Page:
purposes of art and self-denition as well as rational communications and business, it is likely that cyberspace will retain a good measure of mytho-logic, the exact manifestations of which, at this point, no one can predict. Three of the authors in this bookMichael Heim, Allucquere Rosanne Stone, and David Tomastake up the cultural-anthropological theme, the latter two with special reference to the changing meaning of the technophilic physical body. Chip Morningstar and F. Randall Farmer describe their experiences with on-line games, in particular, LucasFilms Habitat. William Gibsons short piece also makes its contribution at this level, if more directly, as an allegorical work of ction itself. Thread Two Convolved with the history of myth is the thread of the history of media technology as such, that is, the history of the technical means by which absent and/or abstract entitiesevents, experiences, ideasbecome symbolically represented, xed into an accepting material, and thus conserved through time as well as space. Again, this a fairly familiar story, one whose detailed treatment is far beyond the scope of this introduction and this book. Nevertheless it is one worth rehearsing. It is also a topic that is extremely deep, for the secret of life itself is wrapped up in the mystery of genetic encoding and the replication and motility of molecules that orchestrate each others activity. Genes are information; molecules are media as well as motors, so to speak ... But we cannot begin here, where the interests of computation theorists and biologists coincide. Our story best begins with evolved mans conscious co-option of the physical environment, specically those parts, blank themselves, that best receive markings-such as sand, wood, bark, bone, stone, and the human body-for the purpose of preserving and delivering messages: signs, not unlike spoors, tracks, or tell-tale colors of vegetation or sky, but now intentional, between man and man, and man and his descendants. What a graceful and inspired step it was, then, to begin to produce the medium, to create smooth plastered walls, thin tablets, and papyrus, and to reduce the labor of marking-carving, chiselingto the deft movement of a pigmented brush or stylus. As society elaborated itself and as the need to keep records and to educate grew, how much more efcient it was to shrink and conventionalize the symbols themselves, then to crowd them into rows and layers, "paper-thin" scrolls and stacks.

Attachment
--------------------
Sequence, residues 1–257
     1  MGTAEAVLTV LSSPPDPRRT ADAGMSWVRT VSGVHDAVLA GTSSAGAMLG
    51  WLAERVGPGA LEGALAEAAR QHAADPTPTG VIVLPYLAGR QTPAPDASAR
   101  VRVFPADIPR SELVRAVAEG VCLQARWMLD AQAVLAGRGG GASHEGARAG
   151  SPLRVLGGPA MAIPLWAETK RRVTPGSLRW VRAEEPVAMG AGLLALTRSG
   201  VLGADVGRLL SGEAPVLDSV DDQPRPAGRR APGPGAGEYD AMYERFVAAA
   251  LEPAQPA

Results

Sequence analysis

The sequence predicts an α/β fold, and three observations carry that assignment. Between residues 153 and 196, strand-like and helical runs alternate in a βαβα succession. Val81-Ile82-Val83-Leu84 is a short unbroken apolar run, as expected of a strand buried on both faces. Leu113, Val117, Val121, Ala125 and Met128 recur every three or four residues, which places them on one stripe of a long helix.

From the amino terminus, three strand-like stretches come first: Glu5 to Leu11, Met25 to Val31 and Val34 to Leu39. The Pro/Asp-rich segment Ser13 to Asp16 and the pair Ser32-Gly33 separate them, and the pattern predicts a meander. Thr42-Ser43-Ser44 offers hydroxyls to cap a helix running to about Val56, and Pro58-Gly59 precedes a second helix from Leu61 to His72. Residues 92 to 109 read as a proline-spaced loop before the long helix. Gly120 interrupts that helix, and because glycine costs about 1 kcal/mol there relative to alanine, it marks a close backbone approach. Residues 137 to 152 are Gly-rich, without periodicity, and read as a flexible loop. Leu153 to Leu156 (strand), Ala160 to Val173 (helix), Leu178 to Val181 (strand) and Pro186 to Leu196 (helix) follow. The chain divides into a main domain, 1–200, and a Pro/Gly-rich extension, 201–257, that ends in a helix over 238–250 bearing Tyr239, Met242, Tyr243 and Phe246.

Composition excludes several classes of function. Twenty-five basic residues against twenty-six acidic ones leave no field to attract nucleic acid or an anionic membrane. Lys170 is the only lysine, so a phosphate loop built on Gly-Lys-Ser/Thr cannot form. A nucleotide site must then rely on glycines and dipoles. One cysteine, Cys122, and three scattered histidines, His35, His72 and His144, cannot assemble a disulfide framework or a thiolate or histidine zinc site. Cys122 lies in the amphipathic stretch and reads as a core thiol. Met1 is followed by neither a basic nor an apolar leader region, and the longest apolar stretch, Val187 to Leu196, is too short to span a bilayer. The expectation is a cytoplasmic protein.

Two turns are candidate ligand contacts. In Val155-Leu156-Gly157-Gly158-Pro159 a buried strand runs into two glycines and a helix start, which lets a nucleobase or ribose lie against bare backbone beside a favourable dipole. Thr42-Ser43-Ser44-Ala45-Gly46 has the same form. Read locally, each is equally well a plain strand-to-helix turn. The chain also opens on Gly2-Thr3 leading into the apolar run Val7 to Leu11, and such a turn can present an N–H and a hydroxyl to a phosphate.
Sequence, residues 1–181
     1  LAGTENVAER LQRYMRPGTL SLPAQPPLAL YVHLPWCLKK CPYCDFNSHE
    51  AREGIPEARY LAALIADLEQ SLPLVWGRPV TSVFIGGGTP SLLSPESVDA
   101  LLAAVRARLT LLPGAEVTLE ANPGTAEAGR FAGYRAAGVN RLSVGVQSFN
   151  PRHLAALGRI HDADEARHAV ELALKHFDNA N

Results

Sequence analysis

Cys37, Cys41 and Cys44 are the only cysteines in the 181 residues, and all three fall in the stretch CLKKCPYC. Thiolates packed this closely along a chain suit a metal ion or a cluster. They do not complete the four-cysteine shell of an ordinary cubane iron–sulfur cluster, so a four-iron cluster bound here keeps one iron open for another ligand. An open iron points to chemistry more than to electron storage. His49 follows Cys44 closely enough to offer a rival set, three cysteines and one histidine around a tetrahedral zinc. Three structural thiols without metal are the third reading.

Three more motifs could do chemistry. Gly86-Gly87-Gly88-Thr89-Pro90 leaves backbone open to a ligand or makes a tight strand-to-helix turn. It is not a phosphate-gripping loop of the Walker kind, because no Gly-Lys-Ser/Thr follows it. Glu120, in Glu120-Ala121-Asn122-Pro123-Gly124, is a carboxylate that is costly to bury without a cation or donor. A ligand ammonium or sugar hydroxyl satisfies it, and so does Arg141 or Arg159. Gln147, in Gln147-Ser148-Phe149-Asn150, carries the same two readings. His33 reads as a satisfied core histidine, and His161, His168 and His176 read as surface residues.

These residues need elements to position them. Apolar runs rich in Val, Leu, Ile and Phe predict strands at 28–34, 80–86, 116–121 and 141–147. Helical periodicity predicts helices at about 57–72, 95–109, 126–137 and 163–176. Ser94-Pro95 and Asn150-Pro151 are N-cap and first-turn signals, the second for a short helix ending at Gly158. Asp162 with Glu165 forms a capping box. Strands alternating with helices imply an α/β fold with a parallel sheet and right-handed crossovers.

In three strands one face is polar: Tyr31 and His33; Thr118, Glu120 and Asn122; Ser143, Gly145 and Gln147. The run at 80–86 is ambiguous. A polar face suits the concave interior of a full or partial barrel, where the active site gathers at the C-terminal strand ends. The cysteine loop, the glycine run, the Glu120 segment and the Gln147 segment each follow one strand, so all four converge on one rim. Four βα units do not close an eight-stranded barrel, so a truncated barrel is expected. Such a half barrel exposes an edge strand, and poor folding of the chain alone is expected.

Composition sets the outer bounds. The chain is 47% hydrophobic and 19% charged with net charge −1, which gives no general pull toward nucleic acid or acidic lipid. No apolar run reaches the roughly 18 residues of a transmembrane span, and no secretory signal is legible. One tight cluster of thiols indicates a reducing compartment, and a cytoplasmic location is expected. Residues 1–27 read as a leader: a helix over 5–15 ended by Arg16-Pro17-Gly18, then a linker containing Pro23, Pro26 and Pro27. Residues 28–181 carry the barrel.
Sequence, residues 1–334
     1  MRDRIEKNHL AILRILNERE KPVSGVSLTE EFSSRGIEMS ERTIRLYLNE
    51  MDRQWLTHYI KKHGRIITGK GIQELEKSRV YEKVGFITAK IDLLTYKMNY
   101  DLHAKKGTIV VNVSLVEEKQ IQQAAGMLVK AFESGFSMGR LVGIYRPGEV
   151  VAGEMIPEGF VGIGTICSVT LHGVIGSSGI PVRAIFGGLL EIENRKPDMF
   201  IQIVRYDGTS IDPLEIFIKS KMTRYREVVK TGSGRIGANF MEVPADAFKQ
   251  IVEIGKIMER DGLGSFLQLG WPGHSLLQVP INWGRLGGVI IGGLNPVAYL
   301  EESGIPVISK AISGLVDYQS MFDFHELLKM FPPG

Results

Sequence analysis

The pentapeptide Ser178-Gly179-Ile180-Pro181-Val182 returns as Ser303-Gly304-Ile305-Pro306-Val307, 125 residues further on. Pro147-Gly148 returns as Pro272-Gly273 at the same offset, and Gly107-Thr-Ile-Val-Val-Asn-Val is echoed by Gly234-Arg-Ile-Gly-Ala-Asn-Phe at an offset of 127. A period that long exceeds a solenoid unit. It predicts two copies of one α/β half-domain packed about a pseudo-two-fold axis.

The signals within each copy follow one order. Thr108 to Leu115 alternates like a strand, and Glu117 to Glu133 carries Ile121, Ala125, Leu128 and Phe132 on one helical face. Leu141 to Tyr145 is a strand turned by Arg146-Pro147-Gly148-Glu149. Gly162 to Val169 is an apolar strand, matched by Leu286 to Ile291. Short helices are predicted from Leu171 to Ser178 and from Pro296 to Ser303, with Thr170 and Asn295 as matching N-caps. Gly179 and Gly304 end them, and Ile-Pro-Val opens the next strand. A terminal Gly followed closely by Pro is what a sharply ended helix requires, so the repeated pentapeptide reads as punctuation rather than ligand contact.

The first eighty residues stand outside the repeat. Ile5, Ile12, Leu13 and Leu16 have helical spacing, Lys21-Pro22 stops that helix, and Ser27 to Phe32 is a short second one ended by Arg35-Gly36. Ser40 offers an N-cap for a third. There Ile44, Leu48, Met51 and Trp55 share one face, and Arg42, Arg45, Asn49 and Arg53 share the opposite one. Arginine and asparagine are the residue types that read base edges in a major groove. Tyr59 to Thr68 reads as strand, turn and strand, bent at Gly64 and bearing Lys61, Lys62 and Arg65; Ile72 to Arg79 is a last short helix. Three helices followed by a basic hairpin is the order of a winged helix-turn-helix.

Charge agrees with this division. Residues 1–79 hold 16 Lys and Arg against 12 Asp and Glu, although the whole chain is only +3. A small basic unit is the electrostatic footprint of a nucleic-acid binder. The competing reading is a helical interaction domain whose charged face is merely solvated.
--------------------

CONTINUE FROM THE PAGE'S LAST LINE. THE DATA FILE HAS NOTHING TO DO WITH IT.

Michael Benedikt